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I appreciate that many hon. Members will be caused difficulty by a rapid reduction in the mileage allowance from 57.7p a mile to 40p a mile, and we must examine how to introduce that reduction gradually rather than very quickly. I do not support amendment (c), because the Inland Revenue rate has not been increased for many years, and I presume that it would take a long time for its rate—40p per mile—to catch up with the 57.7p that we pay Members now.

Sir John Butterfill: On a point of order, Mr. Deputy Speaker. It is clear that it will not be possible for my hon. Friend the Member for Macclesfield (Sir Nicholas Winterton) to speak to his amendment. Will he be able to move it formally, when time is up?

Furthermore, I shall be unable to say anything about the pension fund, which hon. Members wanted to be explained to them. Can the Leader of the House arrange another occasion for me to do that?

Mr. Deputy Speaker: It is now apparent that not all those whom I identified as wanting to speak are likely to be able to contribute. However, that has no negative effect on the ability to put Questions at the end of the debate.

Mr. Salmond: On a point of order, Mr. Deputy Speaker. Is it not in order for the Leader of the House to move that the debate be deferred or extended, so that these matters can be decided after having been debated?

Mr. Deputy Speaker: That is not a matter that I can determine. The House determined the timing of the debates yesterday on a motion tabled by the Leader of the House, and I do not think that we shall see any change now.

Mrs. Campbell: I was about to wind up, as I have nothing else to say. I shall listen carefully to what others say.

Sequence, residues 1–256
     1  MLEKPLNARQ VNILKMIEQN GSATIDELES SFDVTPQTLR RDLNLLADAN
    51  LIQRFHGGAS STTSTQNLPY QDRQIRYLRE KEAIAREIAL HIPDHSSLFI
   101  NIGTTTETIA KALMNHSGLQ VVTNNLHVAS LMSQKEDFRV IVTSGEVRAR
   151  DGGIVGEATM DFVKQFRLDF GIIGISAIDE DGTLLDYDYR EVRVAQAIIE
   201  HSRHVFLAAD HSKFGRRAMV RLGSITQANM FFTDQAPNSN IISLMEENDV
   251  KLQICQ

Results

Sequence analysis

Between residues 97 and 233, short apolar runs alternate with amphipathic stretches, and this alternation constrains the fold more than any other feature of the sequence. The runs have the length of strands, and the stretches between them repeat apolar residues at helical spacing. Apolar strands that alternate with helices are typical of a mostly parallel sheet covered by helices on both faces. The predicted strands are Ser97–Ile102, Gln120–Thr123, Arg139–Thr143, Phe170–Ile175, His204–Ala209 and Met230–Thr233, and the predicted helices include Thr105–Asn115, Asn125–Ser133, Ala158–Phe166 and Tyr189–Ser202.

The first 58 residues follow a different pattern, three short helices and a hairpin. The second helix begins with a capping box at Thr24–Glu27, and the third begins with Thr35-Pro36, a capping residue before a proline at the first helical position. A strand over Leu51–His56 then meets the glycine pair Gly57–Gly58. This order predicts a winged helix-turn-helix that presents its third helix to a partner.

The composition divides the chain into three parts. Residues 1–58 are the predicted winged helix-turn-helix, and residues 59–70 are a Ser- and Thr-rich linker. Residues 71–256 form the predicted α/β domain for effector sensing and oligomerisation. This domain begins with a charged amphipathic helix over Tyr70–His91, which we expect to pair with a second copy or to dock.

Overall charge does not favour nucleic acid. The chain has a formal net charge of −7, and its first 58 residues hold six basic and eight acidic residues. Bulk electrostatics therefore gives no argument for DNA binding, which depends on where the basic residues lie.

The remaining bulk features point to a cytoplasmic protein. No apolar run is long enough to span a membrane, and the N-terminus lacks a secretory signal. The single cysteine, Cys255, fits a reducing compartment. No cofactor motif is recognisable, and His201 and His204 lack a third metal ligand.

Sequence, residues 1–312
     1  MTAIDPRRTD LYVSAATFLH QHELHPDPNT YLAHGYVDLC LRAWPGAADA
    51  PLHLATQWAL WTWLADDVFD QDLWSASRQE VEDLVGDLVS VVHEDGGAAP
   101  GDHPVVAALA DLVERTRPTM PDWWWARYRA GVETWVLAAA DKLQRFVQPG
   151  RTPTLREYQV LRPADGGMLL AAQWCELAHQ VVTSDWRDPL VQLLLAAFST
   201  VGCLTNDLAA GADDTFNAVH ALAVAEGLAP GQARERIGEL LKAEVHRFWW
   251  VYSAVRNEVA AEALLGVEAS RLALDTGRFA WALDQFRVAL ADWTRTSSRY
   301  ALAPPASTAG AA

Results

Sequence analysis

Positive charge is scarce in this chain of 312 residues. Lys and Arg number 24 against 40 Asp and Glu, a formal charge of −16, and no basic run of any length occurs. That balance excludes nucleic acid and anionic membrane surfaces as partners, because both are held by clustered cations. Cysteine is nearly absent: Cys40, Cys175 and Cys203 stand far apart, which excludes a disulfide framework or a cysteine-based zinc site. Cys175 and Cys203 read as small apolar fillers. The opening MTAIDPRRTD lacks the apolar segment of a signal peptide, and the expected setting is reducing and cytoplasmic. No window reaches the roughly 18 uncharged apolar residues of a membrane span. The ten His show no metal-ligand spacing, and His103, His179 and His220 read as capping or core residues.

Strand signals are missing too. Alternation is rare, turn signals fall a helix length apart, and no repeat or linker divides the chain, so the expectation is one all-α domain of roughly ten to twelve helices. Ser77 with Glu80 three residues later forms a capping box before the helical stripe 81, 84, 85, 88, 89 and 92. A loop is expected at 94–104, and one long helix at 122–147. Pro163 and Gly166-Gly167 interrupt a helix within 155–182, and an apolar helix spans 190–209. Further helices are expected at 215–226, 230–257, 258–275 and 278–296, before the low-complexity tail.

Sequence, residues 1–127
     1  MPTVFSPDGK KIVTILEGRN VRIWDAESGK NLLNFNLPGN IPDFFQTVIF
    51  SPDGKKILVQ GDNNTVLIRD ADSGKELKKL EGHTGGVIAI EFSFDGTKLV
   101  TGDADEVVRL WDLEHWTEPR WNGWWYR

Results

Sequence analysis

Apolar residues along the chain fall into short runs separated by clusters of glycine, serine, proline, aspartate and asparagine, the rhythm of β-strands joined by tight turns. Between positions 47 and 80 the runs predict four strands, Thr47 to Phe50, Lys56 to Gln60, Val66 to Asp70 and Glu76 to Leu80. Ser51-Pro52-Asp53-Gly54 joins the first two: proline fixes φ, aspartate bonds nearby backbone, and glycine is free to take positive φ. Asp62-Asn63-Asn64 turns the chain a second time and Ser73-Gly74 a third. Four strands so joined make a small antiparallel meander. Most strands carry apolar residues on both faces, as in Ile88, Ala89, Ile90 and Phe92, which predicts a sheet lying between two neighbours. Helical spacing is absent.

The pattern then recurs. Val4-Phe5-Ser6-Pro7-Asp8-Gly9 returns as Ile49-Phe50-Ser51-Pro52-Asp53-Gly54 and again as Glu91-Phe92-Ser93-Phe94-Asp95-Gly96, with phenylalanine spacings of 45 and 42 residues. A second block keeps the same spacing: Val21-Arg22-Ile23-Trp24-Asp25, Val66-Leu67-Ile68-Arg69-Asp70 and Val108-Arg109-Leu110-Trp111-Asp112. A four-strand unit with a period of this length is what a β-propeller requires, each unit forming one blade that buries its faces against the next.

3.30 pm

Sir Nicholas Winterton (Macclesfield) (Con): I am grateful to be called to speak briefly to my amendment (c). I am not frightened of putting my head above the parapet when I believe that it is necessary to gain justice and fairness for Members of Parliament.

I remind the House that Members of Parliament have entered into leasing or hire purchase agreements on cars, or have found other ways to have the use of a car, and they cannot change such arrangements, which might last for up to five years. I believe that it is unreasonable to reduce dramatically the rate of mileage allowance available to Members from the present rate of 57.7p per mile, which is low compared with what we used to have. The purpose of my amendment is to freeze the allowance at the present rate until the Inland Revenue rate—40p per mile at present—has caught up.

We have already heard that the Inland Revenue rate is based on no understood criteria and has not been increased for a number of years, despite the fact that motoring costs, particularly fuel costs, have increased dramatically in the past four or five years. The Leader of the House knows that in the last two or three months
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alone the cost of petrol and diesel has increased by 7p or 8p per litre. It would be an injustice not to reflect that in the mileage allowance that Members are able to claim.